latency between the analysis of the genetic test and the clinical expression of the
disease and wide differences in the disease patterns. Consequently, information
about some genetic test data may stigmatize patients leading to poor quality of
life. This has raised the issue of ‘genetic exceptionalism’ justifying specific
regulation of use of genetic information.
Discussions on how to handle sampling and data are ongoing within the industry
and the regulatory sphere, the European Agency for the Evaluation of Medicinal
Products (EMEA) having issued a position paper, the Council for International
Organizations of Medical Sciences (CIOMS) having a working group on this issue,
and the European Society of Human Genetics preparing background paper on
‘Polymorphic sequence variants in medicine: Technical, social, legal and ethical
issues. Pharmacogenetics as an example’. Within the European project Privacy in
Research Ethics and Law (PRIVIREAL), recommendations for common European
guidelines for membership in research ethical committees have been discussed,
balancing the interests and assuring independence and legal competence. Good
decision making, assuring legality of protocols and assessment of data protection
is suggested to be part of any evaluation of protocols.

 Mining the mouse genome

The mouse genome sequence, published , has already made a huge impact on the
research community. Although only a draft, it is clear that the sequence is a very
high-quality product, with excellent coverage and reliability over large genomic
expanses. It is a huge asset to researchers, and its significance matches that of the
human genome. In the past six months, for example, the Ensembl genome

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GENE MINING

browser of the Sanger/European Bioinformatics Institute dealt with 2.6 million


requests for detailed information about the mouse genome, and 3.2 million
queries about the human sequence.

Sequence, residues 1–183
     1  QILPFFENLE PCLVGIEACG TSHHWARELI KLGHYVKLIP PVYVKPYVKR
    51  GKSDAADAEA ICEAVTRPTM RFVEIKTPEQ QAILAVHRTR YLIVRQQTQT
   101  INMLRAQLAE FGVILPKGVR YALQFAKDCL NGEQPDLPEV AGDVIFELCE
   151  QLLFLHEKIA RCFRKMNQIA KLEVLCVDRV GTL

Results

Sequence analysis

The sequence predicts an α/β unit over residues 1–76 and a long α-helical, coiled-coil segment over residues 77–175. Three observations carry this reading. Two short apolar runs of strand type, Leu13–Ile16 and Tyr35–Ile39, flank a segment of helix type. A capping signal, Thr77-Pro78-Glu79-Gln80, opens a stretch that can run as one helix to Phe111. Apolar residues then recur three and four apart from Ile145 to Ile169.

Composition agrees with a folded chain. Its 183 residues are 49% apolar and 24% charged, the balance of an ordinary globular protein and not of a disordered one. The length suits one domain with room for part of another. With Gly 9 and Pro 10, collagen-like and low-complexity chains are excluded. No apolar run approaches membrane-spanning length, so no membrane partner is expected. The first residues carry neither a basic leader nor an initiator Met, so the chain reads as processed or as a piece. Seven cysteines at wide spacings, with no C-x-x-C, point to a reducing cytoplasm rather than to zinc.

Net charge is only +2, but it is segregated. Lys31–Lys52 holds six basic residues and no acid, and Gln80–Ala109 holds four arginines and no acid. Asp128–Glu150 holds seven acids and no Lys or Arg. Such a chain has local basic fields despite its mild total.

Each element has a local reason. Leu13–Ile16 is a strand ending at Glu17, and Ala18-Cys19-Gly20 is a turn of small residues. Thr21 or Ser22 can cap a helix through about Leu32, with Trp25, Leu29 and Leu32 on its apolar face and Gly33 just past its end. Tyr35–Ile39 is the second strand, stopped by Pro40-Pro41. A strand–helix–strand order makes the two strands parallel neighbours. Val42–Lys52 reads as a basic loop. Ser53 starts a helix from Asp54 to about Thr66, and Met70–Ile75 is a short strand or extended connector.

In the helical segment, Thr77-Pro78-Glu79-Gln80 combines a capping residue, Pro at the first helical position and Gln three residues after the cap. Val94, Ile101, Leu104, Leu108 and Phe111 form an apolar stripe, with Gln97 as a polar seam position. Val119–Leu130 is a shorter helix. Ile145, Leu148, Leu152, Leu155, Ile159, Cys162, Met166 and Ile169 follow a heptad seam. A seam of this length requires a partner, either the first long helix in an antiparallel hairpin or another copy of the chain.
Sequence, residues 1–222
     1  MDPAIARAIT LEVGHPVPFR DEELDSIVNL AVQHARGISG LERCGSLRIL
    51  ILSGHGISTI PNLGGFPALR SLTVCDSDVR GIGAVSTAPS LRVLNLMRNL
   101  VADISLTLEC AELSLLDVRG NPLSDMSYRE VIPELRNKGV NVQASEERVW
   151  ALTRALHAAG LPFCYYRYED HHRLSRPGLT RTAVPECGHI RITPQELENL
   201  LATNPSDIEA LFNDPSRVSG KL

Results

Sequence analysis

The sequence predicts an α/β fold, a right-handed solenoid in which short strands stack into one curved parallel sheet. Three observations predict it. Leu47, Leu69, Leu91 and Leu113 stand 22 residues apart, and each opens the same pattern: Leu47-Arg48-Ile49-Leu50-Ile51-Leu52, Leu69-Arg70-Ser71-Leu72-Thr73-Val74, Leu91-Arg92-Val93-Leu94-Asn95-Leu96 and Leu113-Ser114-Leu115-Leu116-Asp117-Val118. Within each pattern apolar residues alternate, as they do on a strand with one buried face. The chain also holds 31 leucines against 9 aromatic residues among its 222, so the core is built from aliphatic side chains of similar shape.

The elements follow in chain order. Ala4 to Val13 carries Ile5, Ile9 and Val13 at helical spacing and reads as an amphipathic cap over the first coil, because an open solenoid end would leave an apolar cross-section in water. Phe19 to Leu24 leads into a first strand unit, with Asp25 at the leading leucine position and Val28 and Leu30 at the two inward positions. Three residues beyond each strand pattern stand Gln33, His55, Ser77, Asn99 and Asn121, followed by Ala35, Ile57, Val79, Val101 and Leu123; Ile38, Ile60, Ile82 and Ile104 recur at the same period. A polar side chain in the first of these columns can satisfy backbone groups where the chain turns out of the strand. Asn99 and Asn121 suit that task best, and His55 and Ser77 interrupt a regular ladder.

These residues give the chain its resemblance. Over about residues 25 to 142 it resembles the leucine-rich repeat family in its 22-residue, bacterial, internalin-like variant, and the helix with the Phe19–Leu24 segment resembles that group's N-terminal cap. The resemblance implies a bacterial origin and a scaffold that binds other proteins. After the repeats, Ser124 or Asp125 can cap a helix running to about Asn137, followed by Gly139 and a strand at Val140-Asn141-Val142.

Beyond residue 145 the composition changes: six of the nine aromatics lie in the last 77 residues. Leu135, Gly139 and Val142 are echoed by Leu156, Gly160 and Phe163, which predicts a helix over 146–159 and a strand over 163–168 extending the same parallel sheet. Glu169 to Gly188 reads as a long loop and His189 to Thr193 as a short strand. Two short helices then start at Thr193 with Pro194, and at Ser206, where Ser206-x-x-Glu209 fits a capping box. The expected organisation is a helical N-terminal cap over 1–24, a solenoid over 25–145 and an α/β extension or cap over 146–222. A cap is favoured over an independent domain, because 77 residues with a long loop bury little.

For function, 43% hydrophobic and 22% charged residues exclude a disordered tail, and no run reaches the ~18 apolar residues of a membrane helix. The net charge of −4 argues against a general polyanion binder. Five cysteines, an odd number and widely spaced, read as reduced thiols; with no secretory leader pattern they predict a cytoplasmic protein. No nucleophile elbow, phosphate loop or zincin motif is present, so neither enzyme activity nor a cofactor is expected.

But there is one important difference between these two resources — the mouse
genome encodes an experimentally tractable organism. This means that it is now
truly possible to determine the function of each and every component gene by
experimental manipulation and evaluation, in the context of the whole organism.

 6. CONCLUSION :-
Work is being done in exponential scale worldwide. Indian scientist are also toiling
hard. Due to some bottlenecks they are not able to keep the pace. Gene mining is
not only boon for plant biotechnology but equally good for animal sciences. Gene
mining provided molecular biologists with a powerful and useable tool for
extracting disease-relevant genes, a major theme in the post-genomic era. This
technique leaves a question mark for the target driven gene functioning.

BLAST TYPES:-

BLASTp- Compares an Amino acid query sequence against a protein sequence


database.

BLASTn- Compares a Nucleotide query sequence against a protein sequence


database.

BLASTx- Compares six frame conceptual translation products of a Nucleotide


query sequence against a protein sequence database.

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GENE MINING

tBLASTn- Compares a protein query sequence against a Nucleotide sequence


database dynamically translated in all six reading frames.

tBLASTx - Compares six reading frames translation of a nucleotide query


sequence against the six frame translation of the nucleotide sequence database.

 7. RESEARCH PAPERS PUBLISHED:

1. R. Latha, L. Rubia, J. Bennett and M. S. Swaminathan. 2004Allele Mining for